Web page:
I frequently create self-appointed deadlines. Keeps me on my toes. Keeps my material fresh.
Make tension work for you.

Now, Abednego. (Or as I hear it in my head, I’d better go.)

Monday, March 20, 2017

Ice Wine


Because we have a disarray of boxes all over our house, and I have more to do than I could possibly cross off any list, I’m going to keep today’s post short & sweet.

It was my turn to select the food and drinks for book club last week. We read the psychological thriller, THE ICE TWINS by S.K. Tremayne.

I decided to have a little fun in the liquor store while choosing wines. I took my time wandering the aisles until I came across these five…


Do you believe we had some left over?


How

Monday, March 13, 2017

Dark Matter



It’s fun to think back to the days when elementary school teachers challenged students to respond to books by creating dioramas. Remember dioramas? Cut up shoeboxes with paper characters, reenacting a splice of the story in the eyes of a child.

There are books I’ve read as an adult that tickle my brain about what I might do with a shoebox and a thick stack of construction paper.

The latest book that piqued my imagination was DARK MATTER by Blake Crouch.

I went on a complete adventure as I read this genre-bending masterpiece. It accomplished what any great work should—it caused me to think about the theme, the characters, and the story world long after I finished reading.

DARK MATTER bumped up against the big bold timeless question of what if.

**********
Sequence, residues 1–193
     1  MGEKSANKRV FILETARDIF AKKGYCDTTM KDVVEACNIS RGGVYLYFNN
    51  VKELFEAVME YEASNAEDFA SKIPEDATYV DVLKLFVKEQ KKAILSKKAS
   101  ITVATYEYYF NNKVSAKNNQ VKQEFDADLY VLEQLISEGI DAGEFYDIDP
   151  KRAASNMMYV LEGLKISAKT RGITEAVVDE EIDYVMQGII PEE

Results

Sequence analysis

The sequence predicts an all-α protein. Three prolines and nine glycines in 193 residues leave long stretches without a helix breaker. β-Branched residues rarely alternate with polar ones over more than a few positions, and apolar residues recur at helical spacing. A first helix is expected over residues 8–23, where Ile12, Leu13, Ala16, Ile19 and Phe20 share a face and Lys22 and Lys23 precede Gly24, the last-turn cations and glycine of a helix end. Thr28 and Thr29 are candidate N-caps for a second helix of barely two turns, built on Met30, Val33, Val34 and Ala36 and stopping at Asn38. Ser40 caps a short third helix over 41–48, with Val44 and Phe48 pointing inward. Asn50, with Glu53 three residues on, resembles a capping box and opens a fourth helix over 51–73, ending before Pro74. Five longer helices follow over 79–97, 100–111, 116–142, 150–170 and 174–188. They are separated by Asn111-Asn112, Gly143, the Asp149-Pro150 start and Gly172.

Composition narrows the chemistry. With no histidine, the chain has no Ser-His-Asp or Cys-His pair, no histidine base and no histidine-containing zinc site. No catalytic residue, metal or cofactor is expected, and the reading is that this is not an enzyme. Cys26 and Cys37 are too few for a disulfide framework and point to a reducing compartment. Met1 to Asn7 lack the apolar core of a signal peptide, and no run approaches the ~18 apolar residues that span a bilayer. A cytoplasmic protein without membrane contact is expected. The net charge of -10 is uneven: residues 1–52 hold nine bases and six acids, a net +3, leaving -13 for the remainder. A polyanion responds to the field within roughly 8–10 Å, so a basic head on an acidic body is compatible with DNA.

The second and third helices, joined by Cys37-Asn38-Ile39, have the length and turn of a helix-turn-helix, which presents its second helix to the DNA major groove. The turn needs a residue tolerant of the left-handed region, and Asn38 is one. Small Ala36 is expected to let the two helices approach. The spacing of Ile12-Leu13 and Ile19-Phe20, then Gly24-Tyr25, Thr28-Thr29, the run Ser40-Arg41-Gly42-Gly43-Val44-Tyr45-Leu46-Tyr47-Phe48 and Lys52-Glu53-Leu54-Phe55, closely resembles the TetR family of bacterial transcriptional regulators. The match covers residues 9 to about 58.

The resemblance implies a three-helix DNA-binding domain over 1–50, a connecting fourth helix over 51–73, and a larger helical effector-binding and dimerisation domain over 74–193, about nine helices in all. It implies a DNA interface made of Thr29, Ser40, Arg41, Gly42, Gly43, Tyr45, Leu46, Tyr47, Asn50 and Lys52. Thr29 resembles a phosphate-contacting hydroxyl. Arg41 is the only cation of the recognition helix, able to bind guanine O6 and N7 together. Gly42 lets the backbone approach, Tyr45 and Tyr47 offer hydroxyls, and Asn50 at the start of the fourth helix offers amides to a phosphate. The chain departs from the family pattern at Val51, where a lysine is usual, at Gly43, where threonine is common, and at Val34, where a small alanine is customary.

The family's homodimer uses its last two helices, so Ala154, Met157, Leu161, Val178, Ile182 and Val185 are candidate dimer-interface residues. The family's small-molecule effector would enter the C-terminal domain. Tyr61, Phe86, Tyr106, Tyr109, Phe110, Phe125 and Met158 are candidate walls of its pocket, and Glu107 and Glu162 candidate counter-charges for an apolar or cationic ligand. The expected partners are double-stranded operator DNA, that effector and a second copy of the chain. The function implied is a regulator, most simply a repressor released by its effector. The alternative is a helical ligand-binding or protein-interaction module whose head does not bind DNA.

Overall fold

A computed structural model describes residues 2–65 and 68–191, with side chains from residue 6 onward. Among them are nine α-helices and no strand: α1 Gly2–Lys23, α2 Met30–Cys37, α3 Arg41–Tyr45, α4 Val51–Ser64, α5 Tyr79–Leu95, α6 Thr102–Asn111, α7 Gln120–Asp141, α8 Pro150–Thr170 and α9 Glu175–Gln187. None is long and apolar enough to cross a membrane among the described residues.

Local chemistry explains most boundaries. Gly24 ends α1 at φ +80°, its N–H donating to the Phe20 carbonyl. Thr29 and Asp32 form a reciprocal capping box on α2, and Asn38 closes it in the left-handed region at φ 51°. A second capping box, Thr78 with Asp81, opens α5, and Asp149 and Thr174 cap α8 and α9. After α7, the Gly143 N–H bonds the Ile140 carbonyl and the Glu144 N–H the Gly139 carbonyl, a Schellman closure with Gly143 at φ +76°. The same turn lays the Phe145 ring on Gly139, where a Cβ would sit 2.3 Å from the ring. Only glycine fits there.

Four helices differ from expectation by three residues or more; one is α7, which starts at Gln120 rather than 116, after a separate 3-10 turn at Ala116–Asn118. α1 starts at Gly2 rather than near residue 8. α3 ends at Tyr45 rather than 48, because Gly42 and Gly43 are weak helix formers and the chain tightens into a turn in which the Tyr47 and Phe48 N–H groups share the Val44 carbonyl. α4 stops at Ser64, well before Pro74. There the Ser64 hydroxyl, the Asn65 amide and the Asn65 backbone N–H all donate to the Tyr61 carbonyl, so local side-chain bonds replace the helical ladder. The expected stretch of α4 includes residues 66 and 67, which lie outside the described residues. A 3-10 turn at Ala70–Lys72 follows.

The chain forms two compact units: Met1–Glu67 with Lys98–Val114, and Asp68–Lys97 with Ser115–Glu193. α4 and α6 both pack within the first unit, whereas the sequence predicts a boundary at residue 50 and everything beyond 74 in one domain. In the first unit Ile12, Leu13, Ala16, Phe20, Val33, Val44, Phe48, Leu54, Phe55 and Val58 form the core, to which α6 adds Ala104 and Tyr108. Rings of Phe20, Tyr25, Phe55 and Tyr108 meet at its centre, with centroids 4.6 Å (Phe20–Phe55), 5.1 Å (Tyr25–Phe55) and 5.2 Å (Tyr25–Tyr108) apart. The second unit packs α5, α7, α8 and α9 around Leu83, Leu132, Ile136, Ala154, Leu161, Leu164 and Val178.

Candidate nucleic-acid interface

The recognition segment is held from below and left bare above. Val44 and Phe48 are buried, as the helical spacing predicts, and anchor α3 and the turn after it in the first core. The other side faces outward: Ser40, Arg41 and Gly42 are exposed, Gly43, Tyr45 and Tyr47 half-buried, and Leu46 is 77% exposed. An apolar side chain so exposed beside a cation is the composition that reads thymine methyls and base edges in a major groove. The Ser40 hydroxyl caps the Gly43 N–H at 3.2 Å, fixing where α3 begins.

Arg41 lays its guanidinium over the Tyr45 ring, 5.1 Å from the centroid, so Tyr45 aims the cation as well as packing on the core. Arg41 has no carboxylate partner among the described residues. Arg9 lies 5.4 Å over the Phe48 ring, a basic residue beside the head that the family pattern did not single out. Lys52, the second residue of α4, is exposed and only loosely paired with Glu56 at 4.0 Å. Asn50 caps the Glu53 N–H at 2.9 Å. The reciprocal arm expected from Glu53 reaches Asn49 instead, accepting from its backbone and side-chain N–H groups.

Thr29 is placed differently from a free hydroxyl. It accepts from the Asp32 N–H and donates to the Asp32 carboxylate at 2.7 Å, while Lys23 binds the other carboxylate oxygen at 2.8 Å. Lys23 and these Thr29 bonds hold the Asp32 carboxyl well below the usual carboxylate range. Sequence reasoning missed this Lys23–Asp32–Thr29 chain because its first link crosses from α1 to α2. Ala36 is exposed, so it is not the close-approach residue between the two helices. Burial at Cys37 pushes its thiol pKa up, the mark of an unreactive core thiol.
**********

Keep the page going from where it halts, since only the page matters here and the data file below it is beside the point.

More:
That’s the real reason I’m telling you about this book—why I loved it. It didn’t skim the surface or provide some mild, fleeting entertainment. Some part of it rooted. Its vines wrapped around the wild and luxuriant vines of my imagination and didn’t let go.

Now to brainstorm what else I’d put in my DARK MATTER diorama.


*I’ll be spreading the word about some other fantastic books in the coming weeks. Stay tuned.

Monday, February 27, 2017

Going Green


You’ve probably heard moving is stressful. Maybe you’ve even been through it and can distinctly recall the agony you felt waiting to hear on a contract or the exhaustion that overtook you after making beds and vacuuming for showings.

We’ve moved around a bit, so going into it this time I knew I had to do some things that would make the entire process less painful. Less stressful. For me that meant having a project.

So I went green.

I got my interior designer game on and studied HGTV (and Pinterest) like it was nobody’s business. Except I made it entirely my business. I went all Edward Scissorhands on an old fake Christmas tree we planned to throw out. I created wreaths. I cut the underside of a boxwood bush in our yard, and painted a terra cotta pot white. I grew to love Granny Smith. By the time of the first showing, there were deliberate splashes of green all over my house.


Why green?

It tends to get a bit gloomy where I live this time of year. I beg for the leaves to reappear on the trees come mid-April.